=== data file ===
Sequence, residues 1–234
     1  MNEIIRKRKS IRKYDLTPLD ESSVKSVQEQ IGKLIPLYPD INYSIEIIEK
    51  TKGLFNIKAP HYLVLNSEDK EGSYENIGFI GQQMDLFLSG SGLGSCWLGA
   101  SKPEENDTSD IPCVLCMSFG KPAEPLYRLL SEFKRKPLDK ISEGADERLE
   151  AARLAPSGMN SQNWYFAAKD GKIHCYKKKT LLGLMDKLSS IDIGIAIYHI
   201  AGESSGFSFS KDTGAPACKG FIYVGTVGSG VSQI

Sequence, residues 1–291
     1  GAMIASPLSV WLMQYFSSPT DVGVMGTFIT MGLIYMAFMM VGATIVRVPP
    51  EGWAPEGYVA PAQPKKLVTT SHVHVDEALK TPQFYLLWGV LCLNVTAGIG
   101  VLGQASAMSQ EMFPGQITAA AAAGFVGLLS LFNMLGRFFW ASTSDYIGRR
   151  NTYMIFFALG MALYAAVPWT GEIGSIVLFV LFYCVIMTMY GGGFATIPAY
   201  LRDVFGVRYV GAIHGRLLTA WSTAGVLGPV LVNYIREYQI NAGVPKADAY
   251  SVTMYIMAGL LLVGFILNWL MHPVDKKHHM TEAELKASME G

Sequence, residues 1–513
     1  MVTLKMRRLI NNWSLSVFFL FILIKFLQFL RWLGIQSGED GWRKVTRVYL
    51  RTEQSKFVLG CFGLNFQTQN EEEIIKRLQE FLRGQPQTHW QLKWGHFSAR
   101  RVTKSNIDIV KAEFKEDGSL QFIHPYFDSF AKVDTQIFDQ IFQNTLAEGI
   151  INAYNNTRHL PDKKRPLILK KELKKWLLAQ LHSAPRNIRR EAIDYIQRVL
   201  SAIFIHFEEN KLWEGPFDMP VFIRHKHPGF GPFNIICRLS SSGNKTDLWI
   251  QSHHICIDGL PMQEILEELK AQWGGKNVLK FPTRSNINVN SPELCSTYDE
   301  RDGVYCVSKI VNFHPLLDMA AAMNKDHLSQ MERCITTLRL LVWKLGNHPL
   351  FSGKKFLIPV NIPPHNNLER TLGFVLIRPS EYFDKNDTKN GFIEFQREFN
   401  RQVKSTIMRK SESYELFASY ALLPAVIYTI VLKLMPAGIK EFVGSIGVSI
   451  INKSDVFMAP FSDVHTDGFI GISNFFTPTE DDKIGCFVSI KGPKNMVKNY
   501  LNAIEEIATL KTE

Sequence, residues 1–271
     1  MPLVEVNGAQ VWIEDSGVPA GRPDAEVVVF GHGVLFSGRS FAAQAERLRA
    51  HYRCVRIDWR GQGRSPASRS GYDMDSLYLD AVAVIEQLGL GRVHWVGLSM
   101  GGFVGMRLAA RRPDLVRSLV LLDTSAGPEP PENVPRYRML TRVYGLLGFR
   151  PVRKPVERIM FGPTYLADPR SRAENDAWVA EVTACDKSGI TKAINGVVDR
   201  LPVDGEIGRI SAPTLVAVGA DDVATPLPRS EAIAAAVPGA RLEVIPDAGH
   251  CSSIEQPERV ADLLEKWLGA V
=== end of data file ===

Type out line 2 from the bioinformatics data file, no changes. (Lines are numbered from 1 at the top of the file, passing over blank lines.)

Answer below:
     1  MNEIIRKRKS IRKYDLTPLD ESSVKSVQEQ IGKLIPLYPD INYSIEIIEK